tssstartup

The simulator will now create a NVChip file wherever you started it to store NV ram based objects, which it will read on next start up.  The first thing you need to do is create an SRK and store it in NV memory.  Microsoft uses the well known key handle 81000001 for this, so we’ll do the same.  The reason for doing this is that a real TPM takes ages to run the KDF for RSA keys because it has to look for prime numbers:

jejb@jarvis:~> TPM_INTERFACE_TYPE=socsim time tsscreateprimary -hi o -st -rsa
Handle 80000000
0.03 user 0.00 system 0:00.06 elapsed

jejb@jarvis:~> TPM_INTERFACE_TYPE=dev time tsscreateprimary -hi o -st -rsa
Handle 80000000
0.04 user 0.00 system 0:20.51 elapsed

As you can see: the simulator created a primary storage key (the SRK) in a few milliseconds, but it took my real TPM2 20 seconds to do it3 … not something you want to wait for, hence the need to store this permanently under a well known key handle and get rid of the temporary copy

tssevictcontrol -hi o -ho 80000000 -hp 81000001
tssflushcontext -ha 80000000

tssevictcontrol tells the TPM to copy the key at transient handle 800000004  to permanent NV handle 81000001 and tssflushcontext erases the transient key.  Flushing transient objects is very important, because TPM2 has a lot less transient storage space than TPM1.2 did; usually only about three handles worth.  You can tell how much you have by doing

tssgetcapability -cap 6|grep -i transient
TPM_PT 0000010e value 00000003 TPM_PT_HR_TRANSIENT_MIN - the minimum number of transient objects that can be held in TPM RAM

Where the value (00000003) tells me that the TPM can store at least 3 transient objects.  After that you’ll start getting out of space errors from it.

The final step in taking ownership of a TPM2 is to set the authorization passwords.  Each of the four hierarchies (Null, Owner, Endorsement, Platform) and the Lockout has a possible authority password.  The Platform authority is cleared on startup, so there’s not much point setting it (it’s used by the BIOS or Firmware to perform TPM functions).  Of the other four, you really only need to set Owner, Endorsement and Lockout (I use the same password for all of them).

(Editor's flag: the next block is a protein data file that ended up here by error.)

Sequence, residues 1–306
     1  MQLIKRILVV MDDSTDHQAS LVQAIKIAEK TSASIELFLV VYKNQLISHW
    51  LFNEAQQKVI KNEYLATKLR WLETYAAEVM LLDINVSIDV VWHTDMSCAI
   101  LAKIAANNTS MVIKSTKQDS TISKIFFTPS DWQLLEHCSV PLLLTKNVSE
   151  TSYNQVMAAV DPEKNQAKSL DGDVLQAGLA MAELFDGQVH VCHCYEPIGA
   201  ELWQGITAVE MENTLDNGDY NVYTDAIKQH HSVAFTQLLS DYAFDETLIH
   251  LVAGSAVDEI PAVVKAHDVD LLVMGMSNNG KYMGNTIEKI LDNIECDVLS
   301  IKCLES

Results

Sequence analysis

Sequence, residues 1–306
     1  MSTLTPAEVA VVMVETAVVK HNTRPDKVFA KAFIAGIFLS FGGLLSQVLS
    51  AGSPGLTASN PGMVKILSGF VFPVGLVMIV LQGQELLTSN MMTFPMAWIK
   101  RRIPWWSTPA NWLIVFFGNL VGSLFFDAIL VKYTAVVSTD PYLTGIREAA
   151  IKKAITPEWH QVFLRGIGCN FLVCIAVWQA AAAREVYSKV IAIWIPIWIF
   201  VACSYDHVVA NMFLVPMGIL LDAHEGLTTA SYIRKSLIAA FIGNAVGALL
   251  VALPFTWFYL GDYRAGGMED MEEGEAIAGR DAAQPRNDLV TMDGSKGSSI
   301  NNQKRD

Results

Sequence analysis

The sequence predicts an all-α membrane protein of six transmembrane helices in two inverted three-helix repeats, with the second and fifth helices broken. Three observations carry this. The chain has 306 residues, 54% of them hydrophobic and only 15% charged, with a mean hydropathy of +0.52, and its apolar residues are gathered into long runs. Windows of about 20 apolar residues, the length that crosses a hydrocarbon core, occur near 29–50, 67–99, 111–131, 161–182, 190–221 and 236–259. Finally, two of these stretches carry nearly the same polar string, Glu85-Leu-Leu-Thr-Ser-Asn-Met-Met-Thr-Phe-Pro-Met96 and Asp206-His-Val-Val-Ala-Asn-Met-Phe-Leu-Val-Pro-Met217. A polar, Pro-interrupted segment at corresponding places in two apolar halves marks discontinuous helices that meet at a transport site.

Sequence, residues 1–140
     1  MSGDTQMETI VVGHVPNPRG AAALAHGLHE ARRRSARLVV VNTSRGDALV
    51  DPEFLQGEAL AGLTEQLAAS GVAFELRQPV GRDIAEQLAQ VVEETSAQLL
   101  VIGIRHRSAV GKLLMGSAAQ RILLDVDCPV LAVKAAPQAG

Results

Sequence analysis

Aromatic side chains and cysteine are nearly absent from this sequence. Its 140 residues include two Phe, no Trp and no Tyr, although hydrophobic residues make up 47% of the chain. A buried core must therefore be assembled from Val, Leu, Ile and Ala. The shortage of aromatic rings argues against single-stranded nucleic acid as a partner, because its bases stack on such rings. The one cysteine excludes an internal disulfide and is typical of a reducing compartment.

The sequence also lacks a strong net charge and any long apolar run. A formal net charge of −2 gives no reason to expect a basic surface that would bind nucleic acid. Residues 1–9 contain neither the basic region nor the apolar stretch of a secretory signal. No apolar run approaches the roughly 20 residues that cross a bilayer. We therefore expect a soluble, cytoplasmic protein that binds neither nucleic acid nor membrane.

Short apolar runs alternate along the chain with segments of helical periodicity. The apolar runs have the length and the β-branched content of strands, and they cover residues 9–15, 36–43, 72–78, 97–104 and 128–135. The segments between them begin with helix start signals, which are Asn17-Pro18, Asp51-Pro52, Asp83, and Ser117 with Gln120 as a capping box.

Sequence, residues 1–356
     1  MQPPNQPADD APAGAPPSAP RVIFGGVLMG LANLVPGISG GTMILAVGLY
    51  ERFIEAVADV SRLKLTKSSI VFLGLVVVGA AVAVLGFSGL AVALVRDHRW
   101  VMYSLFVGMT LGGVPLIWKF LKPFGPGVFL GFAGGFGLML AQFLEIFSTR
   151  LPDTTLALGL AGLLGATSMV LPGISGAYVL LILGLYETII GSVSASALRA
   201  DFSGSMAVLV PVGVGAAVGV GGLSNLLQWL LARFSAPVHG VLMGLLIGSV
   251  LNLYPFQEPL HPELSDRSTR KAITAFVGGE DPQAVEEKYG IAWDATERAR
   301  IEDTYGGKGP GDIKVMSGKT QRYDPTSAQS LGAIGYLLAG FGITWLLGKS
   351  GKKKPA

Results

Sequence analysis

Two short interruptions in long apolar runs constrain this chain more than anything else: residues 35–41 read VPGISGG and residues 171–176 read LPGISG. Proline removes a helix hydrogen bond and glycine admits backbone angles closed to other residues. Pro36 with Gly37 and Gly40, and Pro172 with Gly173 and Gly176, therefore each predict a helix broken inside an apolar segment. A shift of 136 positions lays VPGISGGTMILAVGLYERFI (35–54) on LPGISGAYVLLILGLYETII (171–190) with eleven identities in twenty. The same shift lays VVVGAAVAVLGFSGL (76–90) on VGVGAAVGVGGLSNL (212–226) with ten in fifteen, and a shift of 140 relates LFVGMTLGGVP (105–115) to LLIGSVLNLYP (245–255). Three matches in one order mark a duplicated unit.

tsshierarchychangeauth -hi l -pwdn <your password>
tsshierarchychangeauth -hi e -pwdn <your password>
tsshierarchychangeauth -hi o -pwdn <your password>

After this is done, you’re all set.  Note that as well as these authorizations, each object can have its own authorization (or even policy), so the SRK you created earlier still has no password, allowing it to be used by anyone.  Note also that the owner authorization controls access to the NV memory, so you’ll need to supply it now to make other objects persistent.

An Aside about Real TPM2 devices and the Resource Manager

Although I’m using the code below to store my keys in the TPM2, there’s a couple of practical limitations which means it won’t work for you if you have multiple TPM2 using applications without a kernel update.  The two problems are

  1. The Linux Kernel TPM2 device /dev/tpm0 only allows one user at once.  If a second application tries to open the device it will get an EBUSY which causes TSS_Create() to fail.
  2. Because most applications make use of transient key slots and most TPM2s have only a couple of these, simultaneous users can end up running out of these and getting unexpected out of space errors.

The solution to both of these is something called a Resource Manager (RM).  What the RM does is effectively swap transient objects in and out of the TPM as needed to prevent it from running out of space.  Linux has an issue in that both the kernel and userspace are potential users of TPM keys so the resource manager has to live inside the kernel.  Jarkko Sakkinen has preliminary resource manager patches here, and they will likely make it into kernel 4.11 or 4.12.  I’m currently running my laptop with the RM patches applied, so multiple applications work for me, but since these are preliminary patches, I wouldn’t currently advise others to do this.  The way these patches work is that once you declare to the kernel via an ioctl that you want to use the RM, every time you send a command to the TPM, your context gets swapped in, the command is executed, the context is swapped out and the response sent meaning that no other user of the TPM sees your transient objects.  The moment you send the ioctl, the TPM device allows another user to open it as well.

Using TPM2 as a keystore

Once the implementation is sorted out, openssl and gnome-keyring patches can be produced for TPM2.  The only slight wrinkle is that for create_tpm2_key you require a parent key to exist in the NV storage (at the 81000001 handle we talked about previously).  So to convert from a password protected openssh RSA key to a TPM2 based one, you do

create_tpm2_key -a -p 81000001 -w id_rsa id_rsa.tpm
mv id_rsa.tpm id_rsa